The rest of this list is one of the lamest ever, even by Rock Hall standards. Nirvana, sure, although I was never much of a fan. Hall & Oates are the kings of earworm soul schlock and responsible for some of the vilest songs that polluted the radiowaves in the early 80s. Peter Gabriel is an overrated bore, even by prog rock standards. He's proof that EVERYone gets into the Rock Hall eventually. Isn't it bad enough that genesis is already there? You want prog represented, then Yes and Rick Wakeman in his wizard hat are a far worthier choice! Or really go long and induct Hawkwind! Linda Rondstadt? Great pipes. Sang mostly cover tunes. Fail. Cat Stevens? Are you fucking kidding me? At least there's no disco acts this year. Oops. Except for Kiss! Who can forget their disco classic I Was Made For Lovin' You? What? You have?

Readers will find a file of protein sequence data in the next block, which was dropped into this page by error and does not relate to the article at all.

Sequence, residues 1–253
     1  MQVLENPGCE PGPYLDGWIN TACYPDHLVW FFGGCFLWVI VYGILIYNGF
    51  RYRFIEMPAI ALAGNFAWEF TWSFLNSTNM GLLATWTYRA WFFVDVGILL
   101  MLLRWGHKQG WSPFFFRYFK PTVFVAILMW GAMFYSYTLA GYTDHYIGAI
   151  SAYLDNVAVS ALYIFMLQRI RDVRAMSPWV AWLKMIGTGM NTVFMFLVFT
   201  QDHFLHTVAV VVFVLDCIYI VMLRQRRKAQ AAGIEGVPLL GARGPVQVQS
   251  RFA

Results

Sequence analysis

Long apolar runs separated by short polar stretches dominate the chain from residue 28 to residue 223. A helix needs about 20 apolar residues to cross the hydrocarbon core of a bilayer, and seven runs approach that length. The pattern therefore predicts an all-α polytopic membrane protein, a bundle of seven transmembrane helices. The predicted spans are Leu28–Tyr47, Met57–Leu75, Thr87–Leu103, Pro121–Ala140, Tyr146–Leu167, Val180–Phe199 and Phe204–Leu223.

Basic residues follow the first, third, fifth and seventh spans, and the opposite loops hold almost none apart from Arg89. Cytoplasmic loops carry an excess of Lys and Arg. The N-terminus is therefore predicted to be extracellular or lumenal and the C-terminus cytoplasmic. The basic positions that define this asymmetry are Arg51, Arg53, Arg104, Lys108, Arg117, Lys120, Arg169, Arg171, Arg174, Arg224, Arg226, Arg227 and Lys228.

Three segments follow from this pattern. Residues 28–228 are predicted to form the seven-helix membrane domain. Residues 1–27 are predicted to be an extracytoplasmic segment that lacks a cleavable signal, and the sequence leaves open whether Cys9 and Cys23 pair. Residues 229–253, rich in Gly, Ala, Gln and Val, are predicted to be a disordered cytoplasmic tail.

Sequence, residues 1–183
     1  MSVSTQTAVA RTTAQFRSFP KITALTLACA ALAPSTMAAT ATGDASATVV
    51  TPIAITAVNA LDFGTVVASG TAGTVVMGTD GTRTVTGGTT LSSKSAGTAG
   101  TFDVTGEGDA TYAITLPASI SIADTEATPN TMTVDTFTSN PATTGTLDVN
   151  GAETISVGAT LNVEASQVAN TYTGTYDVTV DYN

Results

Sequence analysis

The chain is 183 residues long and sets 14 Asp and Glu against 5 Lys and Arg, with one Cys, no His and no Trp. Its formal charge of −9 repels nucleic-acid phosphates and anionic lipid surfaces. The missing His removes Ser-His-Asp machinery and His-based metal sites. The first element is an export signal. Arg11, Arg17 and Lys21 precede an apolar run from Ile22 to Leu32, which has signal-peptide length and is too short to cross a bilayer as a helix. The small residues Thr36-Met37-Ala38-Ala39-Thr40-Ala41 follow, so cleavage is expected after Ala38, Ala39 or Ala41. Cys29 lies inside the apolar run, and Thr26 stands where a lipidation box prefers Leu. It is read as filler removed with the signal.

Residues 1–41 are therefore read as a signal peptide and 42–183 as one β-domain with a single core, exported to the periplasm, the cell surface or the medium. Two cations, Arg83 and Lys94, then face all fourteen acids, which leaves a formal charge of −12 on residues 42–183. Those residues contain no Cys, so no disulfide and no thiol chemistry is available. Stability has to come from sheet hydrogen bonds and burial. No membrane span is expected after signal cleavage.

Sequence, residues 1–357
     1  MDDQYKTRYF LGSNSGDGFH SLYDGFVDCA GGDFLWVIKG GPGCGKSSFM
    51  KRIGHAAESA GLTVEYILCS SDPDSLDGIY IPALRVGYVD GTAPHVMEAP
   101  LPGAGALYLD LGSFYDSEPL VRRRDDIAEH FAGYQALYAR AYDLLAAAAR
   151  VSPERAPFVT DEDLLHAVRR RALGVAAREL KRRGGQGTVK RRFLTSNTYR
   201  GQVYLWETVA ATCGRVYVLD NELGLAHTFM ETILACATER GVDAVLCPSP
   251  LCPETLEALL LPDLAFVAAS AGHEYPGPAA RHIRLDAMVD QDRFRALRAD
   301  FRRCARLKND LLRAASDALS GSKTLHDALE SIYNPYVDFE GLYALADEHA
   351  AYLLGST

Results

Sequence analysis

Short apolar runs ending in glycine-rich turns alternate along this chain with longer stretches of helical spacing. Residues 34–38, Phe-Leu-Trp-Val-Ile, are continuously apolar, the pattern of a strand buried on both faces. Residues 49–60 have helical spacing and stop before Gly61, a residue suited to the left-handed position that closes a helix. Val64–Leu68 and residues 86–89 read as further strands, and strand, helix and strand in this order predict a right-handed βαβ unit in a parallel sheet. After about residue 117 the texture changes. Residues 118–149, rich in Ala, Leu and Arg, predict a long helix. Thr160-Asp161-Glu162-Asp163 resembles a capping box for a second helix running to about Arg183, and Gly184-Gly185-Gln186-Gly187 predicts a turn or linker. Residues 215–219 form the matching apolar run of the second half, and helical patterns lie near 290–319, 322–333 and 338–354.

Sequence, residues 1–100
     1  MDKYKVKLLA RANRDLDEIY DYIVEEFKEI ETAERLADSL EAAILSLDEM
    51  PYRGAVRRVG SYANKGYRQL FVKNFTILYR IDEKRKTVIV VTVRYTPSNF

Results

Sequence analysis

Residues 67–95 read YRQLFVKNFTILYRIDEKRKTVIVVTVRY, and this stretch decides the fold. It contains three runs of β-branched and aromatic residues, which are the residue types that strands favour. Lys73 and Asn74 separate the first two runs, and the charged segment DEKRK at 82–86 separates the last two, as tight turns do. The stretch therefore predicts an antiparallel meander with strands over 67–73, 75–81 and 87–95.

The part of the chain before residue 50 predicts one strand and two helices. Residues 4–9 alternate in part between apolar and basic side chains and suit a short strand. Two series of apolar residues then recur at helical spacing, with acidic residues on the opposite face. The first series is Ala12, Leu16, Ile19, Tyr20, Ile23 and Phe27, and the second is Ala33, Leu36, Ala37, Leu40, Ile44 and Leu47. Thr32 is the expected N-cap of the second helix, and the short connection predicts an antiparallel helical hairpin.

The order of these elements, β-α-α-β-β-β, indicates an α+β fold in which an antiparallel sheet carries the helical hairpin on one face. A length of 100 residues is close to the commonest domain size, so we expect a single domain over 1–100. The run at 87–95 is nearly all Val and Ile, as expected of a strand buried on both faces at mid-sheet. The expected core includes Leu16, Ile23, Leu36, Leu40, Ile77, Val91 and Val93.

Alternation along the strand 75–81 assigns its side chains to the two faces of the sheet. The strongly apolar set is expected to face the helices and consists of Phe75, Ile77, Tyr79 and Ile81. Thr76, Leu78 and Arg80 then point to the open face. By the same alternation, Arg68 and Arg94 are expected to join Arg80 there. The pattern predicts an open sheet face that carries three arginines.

The best we can hope for is that fists fly between Frehley, Criss, Stanley and Simmons. There hasn't been a good onstage blow-up since Elvis Costello flipped off Bruce Moore. Instead they'll probably announce their 35th reunion tour.

I would however, be totally behind inducting Mini Kiss. 

Why do I care? Well, I don't really. Except here in the Cleve, we're inundated with this shit every year, so I allow myself a robust annual bitch.

End of rant. Now I can go back to totally ignoring the Rock Hall.

Oh. And Kiss still sucks.

Thursday, December 12, 2013

Oh dear God...

…check out this photo of a newsstand in 1942, especially the comic book racks on the left and right! It blows up, so hit your enlarge key.

To hell with the Action Pants (below). For Christmas I want a TARDIS, a coffee can full of 1940 dimes and a couple big-ass shopping bags!

On my Xmas List!

My Action Zone craves some Action Pants!

Tuesday, December 10, 2013

Punk Rock & Trailer Parks Item-of-the-Month

Cheetah Chrome shows you how to play Sonic Reducer. Now how friggin cool is THAT?

Sunday, December 8, 2013

Good PBS Piece on Yours Truly